Until the beginning of our era, paganism reigned in Cyprus. But in 45 ad, the first followers of Christ came to the island, and they also brought Orthodox Christianity with them. This faith quickly spread across the small island and became so ingrained in it that it is still the most extensive in terms of the number of its parishioners. According to some sources, in Cyprus today 85% of the population are Orthodox Christians.
Of course, this wasn’t always the case. Orthodoxy has endured both persecution and prosperity over the past two millennia. Around the 9th century ad, Catholicism dominated the island. The Frankish and later Venetian nobles who ruled the island were of the Catholic faith. Orthodoxy was persecuted, and many icons and churches were destroyed. Instead, Catholic churches were built in the Gothic style, which later underwent reconstruction.
They were rebuilt by the Ottomans, who captured Cyprus in the middle of the XVI century. They turned churches into mosques or allowed them to be converted into Orthodox churches. This was due to the fact that the Ottoman authorities could control the indigenous people through representatives of the Orthodox spiritual nobility. Thus, Islam remained the dominant religion, but Orthodoxy was allowed.
Historical evidence suggests that the Turkish Cypriot community was formed from two branches: on the one hand, descendants of the Ottoman conquerors and immigrants from Anatolia, on the other – Greeks and other Christians converted to Islam. According to data from the late Ottoman and early British periods, Muslims made up about 20% of the island’s total population.
The fine line that separated one faith from another defined the category of people known as linowamwaks (the term means cotton-linen, reflecting their dual nature). Most of these people were followers of Islam in public, but they continued to practice Christianity in private. There were cases of voluntary return to Christianity. The Cypriot Orthodox Church tried to force linovamvak to do this, forbidding them to take part in religious rites until they officially convert to Christianity. But such a policy has contributed to the alienation of most linowamwaks, and the result of their commitment to Islam only increased. Linovamvaki existed in Cyprus until the 50s of the XX century.
The British, who got Cyprus in the late XIX century, professed Anglicanism. It was only after Cyprus declared independence in 1960 that Orthodox Christianity finally became the island’s official religion. Although the vast majority of the population professes Orthodoxy, it is not forbidden to be a follower of any other religion.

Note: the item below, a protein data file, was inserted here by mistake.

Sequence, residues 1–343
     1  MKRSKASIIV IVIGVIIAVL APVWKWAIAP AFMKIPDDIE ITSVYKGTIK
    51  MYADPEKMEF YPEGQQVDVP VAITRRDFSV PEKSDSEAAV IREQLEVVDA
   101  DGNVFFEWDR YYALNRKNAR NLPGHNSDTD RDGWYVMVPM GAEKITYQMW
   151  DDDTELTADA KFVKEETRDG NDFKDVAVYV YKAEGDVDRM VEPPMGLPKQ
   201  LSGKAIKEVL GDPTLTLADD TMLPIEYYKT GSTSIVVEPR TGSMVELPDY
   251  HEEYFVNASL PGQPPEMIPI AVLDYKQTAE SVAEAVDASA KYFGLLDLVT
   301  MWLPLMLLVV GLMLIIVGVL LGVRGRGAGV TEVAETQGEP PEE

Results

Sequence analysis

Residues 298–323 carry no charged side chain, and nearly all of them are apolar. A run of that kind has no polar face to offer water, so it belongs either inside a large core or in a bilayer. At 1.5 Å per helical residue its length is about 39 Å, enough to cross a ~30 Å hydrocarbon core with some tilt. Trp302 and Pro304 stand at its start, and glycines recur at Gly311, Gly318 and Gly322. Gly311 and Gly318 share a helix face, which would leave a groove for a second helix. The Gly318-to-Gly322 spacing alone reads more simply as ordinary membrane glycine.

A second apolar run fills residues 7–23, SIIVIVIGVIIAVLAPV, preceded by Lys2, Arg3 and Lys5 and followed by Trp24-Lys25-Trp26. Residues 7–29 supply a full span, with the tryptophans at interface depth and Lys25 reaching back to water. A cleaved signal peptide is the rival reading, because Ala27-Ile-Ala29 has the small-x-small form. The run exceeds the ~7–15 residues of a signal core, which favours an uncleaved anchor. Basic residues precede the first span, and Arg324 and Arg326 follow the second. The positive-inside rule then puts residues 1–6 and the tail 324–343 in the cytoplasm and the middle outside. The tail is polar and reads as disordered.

For example, today there are Protestants, Maronites, Catholics, Muslims, Buddhists and Hindus in Cyprus. But all of them are much less than Orthodox Christians.
The most important Orthodox holidays in Cyprus are marked by public holidays. This means that most institutions are closed, and Cypriots celebrate this day according to tradition.
Official holidays in Cyprus are: Epiphany (Baptism), Green Monday (the beginning of Lent), Good Friday and Saturday, Easter, Trinity and cataclysm (the day of the great flood), the assumption of the virgin and Christmas.
As a rule, Orthodox holidays are usually spent with the family. On some holidays, such as Epiphany and Cataclysm (the day of the great flood), mass celebrations, entertainment, fairs and amusements are organized.
The first thing that surprises Russian Orthodox Christians in the Church of Cyprus is the lack of headdresses for women. According to Cypriot rules, uncovered head is not considered a sin at all. The situation is similar with trousers. A woman can enter the temple in trousers if they look decent and do not have bright, flashy colors.
Why can women not cover their heads when entering a Church? The fact is that for Cypriots it is an important symbol of independence. When the island was under the yoke of the Ottoman Empire, all women had to cover their heads. When Cyprus became independent, Greek Cypriot women first abandoned this attribute of”enslavement”.
Today in Cyprus there are many Orthodox churches that have ceased to be active. They remain a historical architectural and cultural heritage, they store ancient icons and people can freely enter them. Services are not held there, but you can touch the shrines or light a candle.